A PRR P85 coach (distinctive windows make it clear that is what this car is).
    2 PRR Budd cars, in natural stainless steel. Probably coaches, judging by the window pattern
    2 PRR cars in Tuscan paint. They sort of look like coaches, but I can't tell for certain.
    I can't see any other cars after that.

    I'm also not sure what year this was taken in, other than it was no earlier than the end of 1955. The TRRA switchers visible in the photo are painted in grey paint, but I'm not sure that is a good indication of time frame. I also don't see any solid blue cars with the MP equipment, so I would guess this is late 1950s.

    Does anyone else have any thoughts on this?
  2. kenmc

    kenmc KenMc Supporter


    Here are my thoughts. The period is in the late 1950s or about 1960, since the third engine has been painted with the smplified single stripe paint scheme, but the big train communication antennas are still in place on all three units. A period earlier in the 1950s could suggest the "American," which departed in the morning from St Louis, but the later date, plus the the time of day, which is about noon in winter given the shadows, says that this is the "Penn Texas," departing about 11:00 am. In 1958 it handled only one through Frisco car, from the "Texas Special," which was a 10-6 streamlined car, plus three or four MoPac cars, which would have been inserted adjacent to the Frisco car. However, I think that the date is later than that, at least 1961, when there were no Frisco or MoPac through cars any more. This means that the red/silver sleeper, which is a heavyweight Pullman, is an extra car for special service or simply being deadheaded east on the Pennsy.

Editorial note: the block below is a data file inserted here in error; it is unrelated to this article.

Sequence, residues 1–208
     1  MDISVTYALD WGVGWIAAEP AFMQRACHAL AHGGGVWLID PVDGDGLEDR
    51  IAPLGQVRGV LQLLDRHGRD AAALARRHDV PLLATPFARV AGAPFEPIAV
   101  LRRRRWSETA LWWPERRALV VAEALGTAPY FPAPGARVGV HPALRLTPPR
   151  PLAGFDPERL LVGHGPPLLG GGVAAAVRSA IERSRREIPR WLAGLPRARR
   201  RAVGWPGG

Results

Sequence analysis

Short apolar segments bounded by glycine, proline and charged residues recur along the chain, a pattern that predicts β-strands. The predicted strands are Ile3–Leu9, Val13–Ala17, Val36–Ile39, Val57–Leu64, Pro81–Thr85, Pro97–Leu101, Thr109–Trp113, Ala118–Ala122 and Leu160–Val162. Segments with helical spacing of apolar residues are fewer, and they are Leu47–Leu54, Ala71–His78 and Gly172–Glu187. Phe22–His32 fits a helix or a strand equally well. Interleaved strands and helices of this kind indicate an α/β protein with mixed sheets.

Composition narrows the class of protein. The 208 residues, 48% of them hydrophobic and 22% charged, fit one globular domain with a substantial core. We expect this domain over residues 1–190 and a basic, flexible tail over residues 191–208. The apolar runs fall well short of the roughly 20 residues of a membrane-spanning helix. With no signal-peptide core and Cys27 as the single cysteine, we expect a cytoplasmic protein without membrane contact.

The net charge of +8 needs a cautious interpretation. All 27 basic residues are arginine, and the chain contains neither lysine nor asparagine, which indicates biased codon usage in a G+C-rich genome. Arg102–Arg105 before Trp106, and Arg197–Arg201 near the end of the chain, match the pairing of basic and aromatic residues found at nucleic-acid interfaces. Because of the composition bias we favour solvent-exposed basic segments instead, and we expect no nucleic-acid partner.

Ken McElreath
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  3. yardmaster

    yardmaster Administrator Staff Member Administrator Supporter

    For not having an answer yet, the investigation and forensics are most impressive.

    It almost looks like it could be the Monon's latter-day livery but I have no idea why it would be in the consist of a StL - NYC PRR train.

    I'm glad Ken has added his input. My reckoning was that if anyone can attest to passenger trains and through sleepers, it would be him. I'd started going back through the book Night Trains by Peter Maiken to see if I could find any clues. The book remains a very enjoyable read, and is one to which Ken McElreath contributed.

    Best Regards,